#362 – The Wire

  • Automating AI with Multimedia Reporting: A Philips paper in JACR proposed a new radiology reporting process that they believe would address AI’s labeling, training, performance, and monitoring challenges. The novel annotation and dictation system would automatically create hyperlinks that connect report text with specific findings on medical images. They suggest that these links would produce stronger labels for AI training without hindering radiologist efficiency, while also creating an automatic feedback loop for monitoring and retraining already-deployed algorithms.
  • Samsung’s Photon Counting CT Supply: After years of joint R&D, Samsung and 5N Plus announced that 5N Plus will supply Samsung with detector substrates used in Samsung NeuroLogica’s forthcoming photon counting CT imaging systems. Although Samsung has made its PCCT development efforts public in recent years, this supply announcement has greater relevance given Siemens Healthineers’ new PCCT FDA 510(k) and the recent PCCT detector maker acquisitions by Canon and GE.
  • CT AI for Emphysema Severity: A new MGH study found that Siemens Healthineers’ AI-Rad Companion Chest tool can assess emphysema severity in chest CT scans with similar accuracy as radiologists. The researchers had the AI tool and two blinded thoracic radiologists assess 113 adults’ emphysema severity using non-contrast chest CTs (severity levels: mild, moderate, or severe), achieving very similar accuracy (AUCs: 0.77 AI & 0.76 rads).
  • Siemens and Mizzou’s Online Alliance: The University of Missouri and Siemens Healthineers are teaming up to develop one of the first online clinical engineering programs in the U.S., following through on one of the main initiatives outlined in their 10-year strategic alliance. The University of Missouri will use a $2.6m state grant combined with Siemens’ support and technology to train, certify, and recruit future generations of clinical engineers.
  • Radiology Zoom School: Speaking of online education, a new Insights into Imaging study suggests that far more radiology education will be held online in the future. The 244 radiologists from 31 countries overwhelmingly agreed that radiology is “particularly well-suited for online teaching” (91%) and estimated that 50% of radiology training is appropriate for online learning. That would be a big shift considering that only 12% of radiology training was online before the pandemic.
  • Low-Field MRI for MS: A new UPenn-led study suggests that ultra-low-field portable MRI systems (ULF-MRI; in this case the Hyperfine Swoop) could eventually support point-of-care multiple sclerosis screening and monitoring. The researchers performed contrast-enhanced brain scans using the Swoop and a high-field MRI on 17 patients (15 w/ MS), finding that the Hyperfine scans had 100% sensitivity for detecting >5mm white matter lesions. The Swoop was able to detect Leptomeningeal contrast enhancement with 33% sensitivity, which is low, but could be improved in the future.
  • Why Not Fear AI: A new JMIR paper detailed why future radiologists shouldn’t be as concerned about AI’s impact on their careers as many recent surveys say they are. The authors shared a long list of reasons why these AI concerns might be overblown (at least in the short term) including: 1) AI’s current performance limitations; 2) Healthcare’s disconnected and heterogeneous digital infrastructure; 3) Lacking AI literacy and training; and 4) Liability and ethical barriers.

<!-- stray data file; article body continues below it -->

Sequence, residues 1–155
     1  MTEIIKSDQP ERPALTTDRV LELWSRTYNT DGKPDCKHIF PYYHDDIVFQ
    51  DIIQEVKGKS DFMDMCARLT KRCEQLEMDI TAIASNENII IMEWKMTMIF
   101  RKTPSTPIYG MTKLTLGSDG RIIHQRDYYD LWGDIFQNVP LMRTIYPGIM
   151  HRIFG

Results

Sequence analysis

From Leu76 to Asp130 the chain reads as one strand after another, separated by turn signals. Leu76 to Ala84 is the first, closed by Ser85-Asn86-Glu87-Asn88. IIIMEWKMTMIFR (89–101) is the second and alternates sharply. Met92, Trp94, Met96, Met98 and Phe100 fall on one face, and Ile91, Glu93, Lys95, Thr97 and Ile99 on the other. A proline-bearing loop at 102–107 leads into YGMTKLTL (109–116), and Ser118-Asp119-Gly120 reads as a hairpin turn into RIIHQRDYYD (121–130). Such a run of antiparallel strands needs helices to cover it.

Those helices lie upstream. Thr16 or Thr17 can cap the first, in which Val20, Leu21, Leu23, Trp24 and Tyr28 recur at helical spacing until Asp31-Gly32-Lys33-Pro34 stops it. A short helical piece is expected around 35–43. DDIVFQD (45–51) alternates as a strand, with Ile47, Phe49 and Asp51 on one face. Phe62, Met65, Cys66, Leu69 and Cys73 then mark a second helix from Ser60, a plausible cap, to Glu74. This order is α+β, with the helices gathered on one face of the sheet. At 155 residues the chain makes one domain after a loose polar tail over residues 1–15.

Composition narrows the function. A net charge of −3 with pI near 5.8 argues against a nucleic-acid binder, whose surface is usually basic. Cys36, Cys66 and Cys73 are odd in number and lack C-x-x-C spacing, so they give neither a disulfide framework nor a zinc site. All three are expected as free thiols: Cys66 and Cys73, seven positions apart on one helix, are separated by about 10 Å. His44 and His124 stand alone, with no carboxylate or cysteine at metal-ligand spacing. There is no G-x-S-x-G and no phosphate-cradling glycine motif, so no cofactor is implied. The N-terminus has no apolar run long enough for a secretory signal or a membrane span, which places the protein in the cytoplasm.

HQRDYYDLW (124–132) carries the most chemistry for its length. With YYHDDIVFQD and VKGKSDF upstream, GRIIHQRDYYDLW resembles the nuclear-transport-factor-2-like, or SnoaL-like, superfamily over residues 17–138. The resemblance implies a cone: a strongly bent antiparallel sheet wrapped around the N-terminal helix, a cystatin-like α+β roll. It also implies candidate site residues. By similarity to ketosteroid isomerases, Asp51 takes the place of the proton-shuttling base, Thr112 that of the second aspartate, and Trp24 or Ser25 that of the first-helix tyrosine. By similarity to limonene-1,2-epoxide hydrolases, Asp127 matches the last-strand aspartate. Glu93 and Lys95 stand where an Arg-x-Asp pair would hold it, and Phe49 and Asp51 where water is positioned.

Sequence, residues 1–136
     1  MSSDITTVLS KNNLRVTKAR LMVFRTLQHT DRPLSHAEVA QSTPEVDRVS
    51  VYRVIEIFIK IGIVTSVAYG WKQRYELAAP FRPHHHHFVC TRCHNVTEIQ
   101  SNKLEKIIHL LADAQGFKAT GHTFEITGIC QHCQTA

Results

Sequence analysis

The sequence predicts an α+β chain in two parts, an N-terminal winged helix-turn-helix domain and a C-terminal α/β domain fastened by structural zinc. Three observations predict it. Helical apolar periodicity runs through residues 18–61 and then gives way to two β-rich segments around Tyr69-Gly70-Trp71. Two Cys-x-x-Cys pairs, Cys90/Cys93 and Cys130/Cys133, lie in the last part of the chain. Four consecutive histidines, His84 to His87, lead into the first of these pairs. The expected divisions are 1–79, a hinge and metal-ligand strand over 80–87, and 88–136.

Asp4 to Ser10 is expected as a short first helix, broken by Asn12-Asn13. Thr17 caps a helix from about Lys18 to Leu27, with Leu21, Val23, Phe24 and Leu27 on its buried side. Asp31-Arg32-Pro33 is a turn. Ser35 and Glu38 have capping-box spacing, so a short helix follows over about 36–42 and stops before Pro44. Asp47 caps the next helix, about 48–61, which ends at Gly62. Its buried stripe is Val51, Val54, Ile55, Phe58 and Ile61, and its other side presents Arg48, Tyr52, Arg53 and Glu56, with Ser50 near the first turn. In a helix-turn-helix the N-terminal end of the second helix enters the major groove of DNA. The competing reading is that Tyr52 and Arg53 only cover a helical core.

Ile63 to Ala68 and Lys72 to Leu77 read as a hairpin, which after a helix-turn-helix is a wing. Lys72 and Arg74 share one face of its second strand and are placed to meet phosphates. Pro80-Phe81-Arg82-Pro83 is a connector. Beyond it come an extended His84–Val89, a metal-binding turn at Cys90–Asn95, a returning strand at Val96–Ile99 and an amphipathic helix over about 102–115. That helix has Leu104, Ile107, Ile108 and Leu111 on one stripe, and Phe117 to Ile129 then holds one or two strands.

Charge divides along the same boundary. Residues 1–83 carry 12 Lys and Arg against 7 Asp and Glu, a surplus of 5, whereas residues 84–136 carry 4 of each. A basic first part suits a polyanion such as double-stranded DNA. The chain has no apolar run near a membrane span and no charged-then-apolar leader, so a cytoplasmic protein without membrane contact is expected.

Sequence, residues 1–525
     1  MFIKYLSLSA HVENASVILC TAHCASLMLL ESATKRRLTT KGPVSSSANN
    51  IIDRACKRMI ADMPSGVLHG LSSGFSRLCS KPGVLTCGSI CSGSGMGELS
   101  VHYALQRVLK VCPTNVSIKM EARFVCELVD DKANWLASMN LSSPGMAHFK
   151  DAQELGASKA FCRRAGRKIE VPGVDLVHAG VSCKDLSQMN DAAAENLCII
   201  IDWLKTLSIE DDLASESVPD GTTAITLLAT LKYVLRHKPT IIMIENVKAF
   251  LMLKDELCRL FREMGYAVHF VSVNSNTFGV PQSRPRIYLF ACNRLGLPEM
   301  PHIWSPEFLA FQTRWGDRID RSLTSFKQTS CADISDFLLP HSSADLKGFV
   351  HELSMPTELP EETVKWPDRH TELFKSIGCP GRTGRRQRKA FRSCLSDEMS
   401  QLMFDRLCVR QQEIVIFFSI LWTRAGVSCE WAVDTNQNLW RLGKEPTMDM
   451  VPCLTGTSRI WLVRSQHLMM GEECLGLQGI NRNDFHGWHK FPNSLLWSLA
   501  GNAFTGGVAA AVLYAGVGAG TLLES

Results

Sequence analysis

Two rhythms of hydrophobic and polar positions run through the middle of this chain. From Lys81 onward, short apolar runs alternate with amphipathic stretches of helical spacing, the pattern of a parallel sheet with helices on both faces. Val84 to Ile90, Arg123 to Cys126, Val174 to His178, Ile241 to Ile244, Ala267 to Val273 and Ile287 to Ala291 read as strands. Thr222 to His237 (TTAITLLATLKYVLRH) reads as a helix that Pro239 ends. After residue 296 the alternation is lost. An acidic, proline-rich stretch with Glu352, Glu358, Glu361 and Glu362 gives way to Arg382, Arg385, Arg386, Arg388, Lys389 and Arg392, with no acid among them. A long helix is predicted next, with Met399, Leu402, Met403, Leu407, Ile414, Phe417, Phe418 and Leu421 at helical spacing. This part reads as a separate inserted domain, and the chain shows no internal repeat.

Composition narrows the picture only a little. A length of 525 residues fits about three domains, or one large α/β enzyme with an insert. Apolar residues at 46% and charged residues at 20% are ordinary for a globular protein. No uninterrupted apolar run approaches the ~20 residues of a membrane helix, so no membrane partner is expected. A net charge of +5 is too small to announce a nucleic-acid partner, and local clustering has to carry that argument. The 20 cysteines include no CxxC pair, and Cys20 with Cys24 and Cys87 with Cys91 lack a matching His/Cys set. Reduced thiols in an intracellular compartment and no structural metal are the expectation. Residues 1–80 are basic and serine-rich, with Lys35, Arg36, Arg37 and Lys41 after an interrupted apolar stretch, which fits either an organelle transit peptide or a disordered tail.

• RamSoft Adds Imaging Sharing: RamSoft became the latest PACS player to expand into image sharing, making its new QR Snap app a standard feature in its PowerServer RIS/PACS platform. QR Snap allows imaging facilities to share patient images / reports with physicians using a QR code, while also allowing practices to provide patients with their QR codes. There are quite a few image sharing options, but this is the first we’ve heard of that comes standard with a PACS system.
  • Neck US Consultations: A new Clinical Imaging study shared a solid case in favor of radiologist-patient consultations following neck ultrasound exams. The prospective/randomized study (109 patients, 44 who had rad consultations) found that radiologist consultations reduce patient anxiety during and after exams (P = 0.040 & 0.027), are viewed as important by most patients (92.7%), and do not significantly prolong exam times (7.6 vs. 7.3 minutes). 
  • Imaging Centers Liable in Indiana: An Indiana court expanded the state’s medical malpractice rules to hold imaging centers “vicariously liable” for the negligence of independent entities’ employees and contractors (yes, they mean independent radiologists). This liability expansion is the result of a lawsuit that held both an imaging center and a contracted radiologist responsible for a missed diagnosis (spinal arteriovenous fistula), rather than just the radiologist. Indiana’s hospitals have been vicariously liable for this type of non-hospital negligence for over 25 years.
  • PSU’s Photoacoustic Helmet: Penn State researchers are developing a wearable head scanner that uses photoacoustic imaging to help diagnose brain function and behavior health. With the help of a two-year $900k NIH grant, the team will develop a prototype wearable scanner, which they believe could become an attractive MRI alternative (no contrast, lower-cost, no extended in-bore periods, less infrastructure requirements) while achieving better image resolution and depth than current optical imaging approaches.

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-- The Imaging Wire team